Leeds Beckett University
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People and Parks. Understanding the role of communities in improving urban green spaces for health: success factors, challenges and inequality implications

posted on 2024-06-26, 15:26 authored by Jennifer WoodwardJennifer Woodward
Background. This research aimed to explore how Friends Groups work with local authorities and other partners to ensure their local urban green spaces are a well maintained and utilised amenity for public health. Good quality green space, close to where people live, improves health and wellbeing yet, in deprived areas with worse health, there is less access to this health-promoting resource. Improving green space in these areas could help tackle health inequalities. Friends Groups, local people who act together to improve their local green space, are a growing phenomena. There is a lack of evidence however regarding how they develop and are sustained, especially in deprived areas, and whether relying on them contributes to or mitigates against inequality. Methods. This study utilised qualitative methodology, influenced by ethnography. Seven case studies, in disadvantaged neighbourhoods, participated: five established Friends Groups and two developing. Data collection included participant observation, interviews, focus groups, and ‘walk and talks’. Developing group data was collected longitudinally, over three years. Semi-structured interviews were conducted with local authority park staff. Analysis was initially by case to produce narrative accounts, and then cross-case to identify explanatory success factors. Results. A conceptual framework was developed that identifies four domains affecting the success, or otherwise, of Friends Groups: Place, People, Process and Power. Each domain identifies the most pertinent factors influencing group development and sustainability. Leaders play a key role. Commitment, perseverance and motivation are vital whilst being confident, capable, with authority and connections improves chances of success. Place also affected success. Groups operating in informal spaces found it harder to become established than those in traditional parks. Having formal structures, regular activities and in-built sociability helped groups succeed. The relationship between local authorities and Friends Groups was often challenging, with conflict and disagreement leading to frustration and stress. Different perceptions of participation and control contributed to tensions. Parks teams were often unaware of issues relating to inequality. Implications. This study raises concerns that, as the model currently operates, it could exacerbate green space inequalities. Deprived neighbourhoods are less likely to have leaders with the required qualities and connections for success, and parks teams show a preference for working with more capable groups, who are likely to be in more affluent areas. Recommendations centre on supporting Friends Groups in disadvantaged areas to strengthen capabilities and working with local authorities to encourage greater sharing of control.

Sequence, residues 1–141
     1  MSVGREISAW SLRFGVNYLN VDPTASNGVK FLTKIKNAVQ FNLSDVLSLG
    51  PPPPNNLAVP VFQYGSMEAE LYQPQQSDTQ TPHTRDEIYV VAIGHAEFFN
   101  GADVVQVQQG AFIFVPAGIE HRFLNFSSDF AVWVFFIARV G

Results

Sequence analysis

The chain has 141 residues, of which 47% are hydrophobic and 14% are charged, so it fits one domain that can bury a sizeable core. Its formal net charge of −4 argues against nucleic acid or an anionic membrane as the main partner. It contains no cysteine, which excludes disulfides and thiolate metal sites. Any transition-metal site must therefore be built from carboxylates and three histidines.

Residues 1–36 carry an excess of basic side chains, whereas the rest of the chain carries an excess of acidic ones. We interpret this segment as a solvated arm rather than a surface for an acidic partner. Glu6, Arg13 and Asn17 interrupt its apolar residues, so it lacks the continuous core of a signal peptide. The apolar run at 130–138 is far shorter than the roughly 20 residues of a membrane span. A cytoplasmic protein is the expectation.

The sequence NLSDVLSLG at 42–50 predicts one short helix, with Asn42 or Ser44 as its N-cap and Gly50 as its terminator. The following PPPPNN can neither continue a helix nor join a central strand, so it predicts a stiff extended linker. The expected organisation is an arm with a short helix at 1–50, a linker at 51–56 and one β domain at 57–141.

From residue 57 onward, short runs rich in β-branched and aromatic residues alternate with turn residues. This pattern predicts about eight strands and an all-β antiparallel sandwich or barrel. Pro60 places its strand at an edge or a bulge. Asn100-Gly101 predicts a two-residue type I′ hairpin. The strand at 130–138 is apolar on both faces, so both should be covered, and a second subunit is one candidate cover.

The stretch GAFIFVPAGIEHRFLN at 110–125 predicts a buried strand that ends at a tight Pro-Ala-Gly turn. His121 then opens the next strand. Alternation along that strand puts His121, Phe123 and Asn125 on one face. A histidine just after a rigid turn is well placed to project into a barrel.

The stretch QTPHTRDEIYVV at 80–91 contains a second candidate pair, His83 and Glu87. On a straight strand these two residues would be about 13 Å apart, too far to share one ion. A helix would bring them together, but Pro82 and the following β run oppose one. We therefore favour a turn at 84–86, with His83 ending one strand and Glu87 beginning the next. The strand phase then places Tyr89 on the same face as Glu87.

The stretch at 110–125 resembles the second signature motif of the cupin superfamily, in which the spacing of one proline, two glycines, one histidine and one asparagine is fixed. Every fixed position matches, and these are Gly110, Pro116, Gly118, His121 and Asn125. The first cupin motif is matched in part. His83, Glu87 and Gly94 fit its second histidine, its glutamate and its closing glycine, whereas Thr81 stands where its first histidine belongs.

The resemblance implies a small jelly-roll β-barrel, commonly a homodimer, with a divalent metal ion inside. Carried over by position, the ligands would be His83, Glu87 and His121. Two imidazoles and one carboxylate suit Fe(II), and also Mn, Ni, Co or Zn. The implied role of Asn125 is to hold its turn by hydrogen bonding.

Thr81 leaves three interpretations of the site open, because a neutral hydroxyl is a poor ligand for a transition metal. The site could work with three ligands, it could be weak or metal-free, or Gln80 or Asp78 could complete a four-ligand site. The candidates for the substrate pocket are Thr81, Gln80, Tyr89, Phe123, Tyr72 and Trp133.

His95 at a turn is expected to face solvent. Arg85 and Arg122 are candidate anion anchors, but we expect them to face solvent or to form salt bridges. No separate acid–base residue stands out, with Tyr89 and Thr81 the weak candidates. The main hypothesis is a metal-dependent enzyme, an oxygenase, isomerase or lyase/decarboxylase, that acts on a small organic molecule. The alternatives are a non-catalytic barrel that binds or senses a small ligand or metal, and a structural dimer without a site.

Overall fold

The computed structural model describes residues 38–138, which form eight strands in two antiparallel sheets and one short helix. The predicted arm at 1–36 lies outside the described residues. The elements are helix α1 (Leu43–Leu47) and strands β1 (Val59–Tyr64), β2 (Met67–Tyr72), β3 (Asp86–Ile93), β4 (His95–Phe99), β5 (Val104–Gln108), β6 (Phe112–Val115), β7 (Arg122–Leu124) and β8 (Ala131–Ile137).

Qualification name

  • PhD


South, jane ; Julian, rachel

Awarding Institution

Leeds Beckett University

Completion Date


Qualification level

  • Doctoral


  • eng


Leeds Beckett University

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